The Year’s Best Dark Fantasy and Horror
Meanwhile, back across the pond, American Horror has had its difficulties in keeping even anthologies with an established audience in publication. One well-known and respected collection still publishing is the Year’s Best Dark Fantasy and Horror.
It derived from a concept established by another annual publication titled the “Year's Best Horror,” a collection originally published in 1971 by DAW Books, as part of an anthology series that included The Annual World’s Best Science Fiction and the Year’s Best Fantasy Stories. It was edited first by Richard Davis, then Gerald W. Page and finally Karl Edward Wagner, and was discontinued after Wagner’s death in 1994. Significantly, it included the same type of format as the Mammoth series – including an informative forward designed to track relevant genre happenings which makes those anthologies important collector’s items for those who want to follow the evolution of our genre.
When the collection concept fell victim to competition, an also-ran title emerged first in competition with and then to supplant the Wagner anthology with The Year’s Best Fantasy and Horror (1987-2006). It was edited by Ellen Datlow and Terri Windling and maintained a similar format, eventually replacing fantasy editor Windling with Kelly Link and Gavin Grant. But the economic turmoil was just beginning, and when the slash-and-burn tactics collided with the publishing industry, once of the casualties was The Year’s Best Fantasy and Horror. A game of musical publishers ensued, editorial and a title changes were made and long-time editor Ellen Datlow was succeeded in a new version by Paula Guran (former editor/producer of Horror newsletter Dark Echo 1984-1991, whose credentials include winning “two unprecedented back-to-back Bram Stoker Awards” in 1998-1998, and the International Horror Guild Award in 1999, and includes producing the horror portion of the pioneering professional Web publication OMNI Online in 1996 and being the Literature Editor of Universal Studios' HorrorOnline in October 1998 (http://www.darkecho.com/darkecho/web/about.html).
The title changed to The Year’s Best Dark Fantasy and Horror for the 2010 edition (reflecting 2009 works). The series continues today as published by Prime Books, but no longer contains the informative forward, which has been replaced by a standard introduction or editor’s essay. The series continues today with no other changes.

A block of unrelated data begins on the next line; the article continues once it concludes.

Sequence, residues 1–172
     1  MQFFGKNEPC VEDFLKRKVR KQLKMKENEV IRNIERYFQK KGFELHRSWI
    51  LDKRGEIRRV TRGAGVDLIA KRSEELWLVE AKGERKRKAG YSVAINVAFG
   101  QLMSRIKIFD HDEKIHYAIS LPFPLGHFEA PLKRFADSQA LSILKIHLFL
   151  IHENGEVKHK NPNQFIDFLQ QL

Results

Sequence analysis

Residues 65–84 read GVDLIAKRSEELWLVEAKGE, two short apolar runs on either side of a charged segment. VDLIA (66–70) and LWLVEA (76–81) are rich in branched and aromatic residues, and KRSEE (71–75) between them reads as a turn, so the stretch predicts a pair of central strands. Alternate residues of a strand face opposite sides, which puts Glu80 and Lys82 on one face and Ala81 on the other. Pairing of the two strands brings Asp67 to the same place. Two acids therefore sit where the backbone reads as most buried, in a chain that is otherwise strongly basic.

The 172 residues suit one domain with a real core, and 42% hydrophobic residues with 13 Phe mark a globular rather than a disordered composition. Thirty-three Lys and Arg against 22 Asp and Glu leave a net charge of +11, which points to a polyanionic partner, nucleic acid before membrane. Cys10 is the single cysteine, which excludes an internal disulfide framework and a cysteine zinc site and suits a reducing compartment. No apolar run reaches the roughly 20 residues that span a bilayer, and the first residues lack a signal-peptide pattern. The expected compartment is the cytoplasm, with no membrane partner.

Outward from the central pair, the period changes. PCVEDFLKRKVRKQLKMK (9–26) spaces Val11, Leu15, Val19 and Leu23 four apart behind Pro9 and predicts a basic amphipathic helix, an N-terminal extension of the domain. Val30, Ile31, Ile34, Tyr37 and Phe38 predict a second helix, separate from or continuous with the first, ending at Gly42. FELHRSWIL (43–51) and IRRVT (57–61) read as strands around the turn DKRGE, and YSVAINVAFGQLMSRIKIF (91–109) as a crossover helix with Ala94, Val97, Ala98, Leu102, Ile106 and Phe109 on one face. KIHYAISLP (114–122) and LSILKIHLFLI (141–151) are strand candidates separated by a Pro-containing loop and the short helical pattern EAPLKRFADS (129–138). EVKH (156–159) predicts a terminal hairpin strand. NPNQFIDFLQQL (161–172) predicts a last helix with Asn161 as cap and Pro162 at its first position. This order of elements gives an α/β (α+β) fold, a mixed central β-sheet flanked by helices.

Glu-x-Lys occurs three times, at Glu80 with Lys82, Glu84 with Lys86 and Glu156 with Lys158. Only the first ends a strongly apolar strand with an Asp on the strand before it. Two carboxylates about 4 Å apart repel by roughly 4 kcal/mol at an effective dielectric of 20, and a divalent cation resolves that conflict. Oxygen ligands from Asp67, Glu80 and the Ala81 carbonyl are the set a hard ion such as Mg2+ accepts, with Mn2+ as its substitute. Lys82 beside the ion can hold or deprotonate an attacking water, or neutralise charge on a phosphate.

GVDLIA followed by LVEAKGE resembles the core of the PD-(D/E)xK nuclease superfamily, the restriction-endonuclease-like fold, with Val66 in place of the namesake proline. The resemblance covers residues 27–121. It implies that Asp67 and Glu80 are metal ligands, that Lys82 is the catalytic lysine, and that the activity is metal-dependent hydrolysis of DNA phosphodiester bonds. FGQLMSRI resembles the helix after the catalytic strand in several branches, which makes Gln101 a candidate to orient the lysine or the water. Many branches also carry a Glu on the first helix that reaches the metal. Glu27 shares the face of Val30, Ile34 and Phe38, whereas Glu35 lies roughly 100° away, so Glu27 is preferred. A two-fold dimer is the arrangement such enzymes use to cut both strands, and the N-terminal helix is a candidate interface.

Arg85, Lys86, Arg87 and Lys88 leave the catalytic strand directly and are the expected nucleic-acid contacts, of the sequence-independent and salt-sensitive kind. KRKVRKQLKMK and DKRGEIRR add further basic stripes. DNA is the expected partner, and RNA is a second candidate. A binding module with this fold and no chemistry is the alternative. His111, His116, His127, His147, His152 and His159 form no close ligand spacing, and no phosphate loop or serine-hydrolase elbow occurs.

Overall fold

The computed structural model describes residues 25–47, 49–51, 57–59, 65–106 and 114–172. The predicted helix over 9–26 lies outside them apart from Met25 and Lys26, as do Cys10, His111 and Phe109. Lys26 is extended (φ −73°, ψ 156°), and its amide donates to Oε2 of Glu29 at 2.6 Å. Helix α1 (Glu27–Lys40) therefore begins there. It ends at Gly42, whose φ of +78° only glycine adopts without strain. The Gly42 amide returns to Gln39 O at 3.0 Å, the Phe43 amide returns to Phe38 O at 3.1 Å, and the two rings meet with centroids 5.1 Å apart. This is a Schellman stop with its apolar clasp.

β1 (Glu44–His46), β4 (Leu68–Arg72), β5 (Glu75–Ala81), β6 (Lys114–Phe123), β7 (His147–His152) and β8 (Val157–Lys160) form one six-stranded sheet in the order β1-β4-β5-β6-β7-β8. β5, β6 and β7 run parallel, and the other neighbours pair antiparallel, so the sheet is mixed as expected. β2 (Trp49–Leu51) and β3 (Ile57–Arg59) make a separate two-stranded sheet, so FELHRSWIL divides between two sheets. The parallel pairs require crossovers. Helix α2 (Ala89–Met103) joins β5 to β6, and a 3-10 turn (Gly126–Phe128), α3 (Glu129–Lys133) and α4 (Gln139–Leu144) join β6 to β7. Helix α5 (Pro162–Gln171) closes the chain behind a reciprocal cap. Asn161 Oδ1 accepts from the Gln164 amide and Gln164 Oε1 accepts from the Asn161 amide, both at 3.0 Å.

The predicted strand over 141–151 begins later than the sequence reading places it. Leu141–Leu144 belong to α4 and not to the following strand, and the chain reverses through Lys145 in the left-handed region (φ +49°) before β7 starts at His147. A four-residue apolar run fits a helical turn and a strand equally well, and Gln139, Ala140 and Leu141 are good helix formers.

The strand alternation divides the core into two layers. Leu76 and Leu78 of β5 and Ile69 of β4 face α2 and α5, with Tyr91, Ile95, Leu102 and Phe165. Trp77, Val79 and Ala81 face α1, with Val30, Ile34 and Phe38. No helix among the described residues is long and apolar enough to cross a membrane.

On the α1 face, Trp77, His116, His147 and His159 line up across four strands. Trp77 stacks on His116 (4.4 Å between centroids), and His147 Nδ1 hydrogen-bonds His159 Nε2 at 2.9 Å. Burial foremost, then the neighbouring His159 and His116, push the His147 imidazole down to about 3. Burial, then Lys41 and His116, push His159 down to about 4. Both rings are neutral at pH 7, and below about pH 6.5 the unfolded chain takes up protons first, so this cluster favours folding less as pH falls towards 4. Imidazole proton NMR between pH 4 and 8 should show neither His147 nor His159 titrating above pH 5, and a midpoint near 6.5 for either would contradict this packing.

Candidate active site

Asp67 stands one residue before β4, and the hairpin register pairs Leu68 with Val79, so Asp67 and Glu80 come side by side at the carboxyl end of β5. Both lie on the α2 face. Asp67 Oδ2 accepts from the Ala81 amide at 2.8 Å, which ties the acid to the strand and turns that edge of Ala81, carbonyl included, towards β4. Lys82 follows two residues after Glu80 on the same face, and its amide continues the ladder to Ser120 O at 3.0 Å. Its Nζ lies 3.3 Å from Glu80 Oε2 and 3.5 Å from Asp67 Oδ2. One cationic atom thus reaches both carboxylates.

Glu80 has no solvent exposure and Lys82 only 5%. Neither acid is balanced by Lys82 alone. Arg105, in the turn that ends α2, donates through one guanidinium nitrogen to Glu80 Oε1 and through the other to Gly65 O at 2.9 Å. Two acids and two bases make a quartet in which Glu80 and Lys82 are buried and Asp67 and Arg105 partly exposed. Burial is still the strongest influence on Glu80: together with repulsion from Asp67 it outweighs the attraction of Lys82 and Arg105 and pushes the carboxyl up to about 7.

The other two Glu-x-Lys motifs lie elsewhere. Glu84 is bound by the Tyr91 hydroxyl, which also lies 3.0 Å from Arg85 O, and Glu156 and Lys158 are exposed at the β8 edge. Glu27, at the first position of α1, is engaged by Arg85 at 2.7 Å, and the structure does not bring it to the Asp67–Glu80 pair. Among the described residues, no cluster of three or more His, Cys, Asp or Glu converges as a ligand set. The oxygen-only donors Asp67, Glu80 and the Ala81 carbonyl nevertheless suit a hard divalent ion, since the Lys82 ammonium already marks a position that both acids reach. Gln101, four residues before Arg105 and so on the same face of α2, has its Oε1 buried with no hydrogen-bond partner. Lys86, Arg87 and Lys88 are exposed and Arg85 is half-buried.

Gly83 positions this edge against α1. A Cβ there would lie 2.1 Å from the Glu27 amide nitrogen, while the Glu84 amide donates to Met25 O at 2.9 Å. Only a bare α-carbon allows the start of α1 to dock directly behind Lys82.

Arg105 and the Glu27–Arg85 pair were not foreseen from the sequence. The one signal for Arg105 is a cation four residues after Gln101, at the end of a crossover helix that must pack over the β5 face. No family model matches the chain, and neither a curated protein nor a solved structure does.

The Best Horror of the Year
With the unexpected change in publishers and the emersion of the new The Year’s Best Dark Fantasy and Horror in 2008, Ellen Datlow founded a competing “spin-off” anthology titled The Best Horror of the Year, published by Night Shade Books, and now publishing annually. The first in the series saw publication in 2009 issuing as a kind of “what would have been” version of The Year’s Best Fantasy and Horror series, and which does continue to include the year’s annual summation of genre news. It continues with the same format, and just issued the long-awaited Volume 4 (2011 works) for those Datlow fans who simply cannot do without their annual fix.
Ellen Datlow remains an editorial icon of American Horror, having set the standard for many of us during her long tenure at The Year’s Best Fantasy and Horror. An editor of Horror, Science Fiction and Fantasy short fiction for over twenty-five years, she and co-editor Terri Windling are tied for winning the most World Fantasy Awards (nine total), is co-winner of two Bram Stoker Awards, and sole winner of a third, and is a winner of multiple International Horror Guild Awards and Shirley Jackson Awards, The Locus Best Editor Award (2005,2006, 2007, 2008, 2009), the Hugo Best Editor Award (2002, 2005; including Best Editor Short Fiction 2008, 2009), and nine Fantasy awards. (http://www.datlow.com/biobiblio.html) It is most often her editorial “voice” that readers recognize in published American Horror short fiction, and she has a dedicated and loyal following which makes any collection edited by her a high-seller; no small accomplishment in this genre or these times.
In the constant struggle to keep good Horror published, these three editors are the ones to watch and support. While some may argue that they represent the Old Guard who have navigated the treacherous downfall of quality in our genre, one has only to read their essays, interviews, and commentary to understand that they share the concerns of readers and writers for the future of the genre. There is additionally something to be said for those who like their editing Old School: there are no big content issues. One may or may not like a given work of short fiction, but one can acknowledge that its artistry has merit, and that the work is relatively representative of the publisher’s intent that it is in fact an example of the Year’s Best.
Meanwhile, the reader can’t help but get a ‘feel’ for how these editors think, and to understand why there is unbridled frustration even at the top of the genre. With less Horror being published and less venues to choose from, whether you merely want to read good Horror or you write it and need a place to submit, these volumes can be the one light in a dark room, illuminating the reasons your author seems to be missing or why a favorite magazine isn’t accepting submissions. With online sources publishing intermittently and all sources at risk of indefinite or permanent closure, finding a consistent stream of information about all things Horror is increasingly difficult. These collections can keep you informed and frequently manage to entertain. If your intention is to become a published author of Horror, or to understand what is happening and why, these collections are precisely the place to start.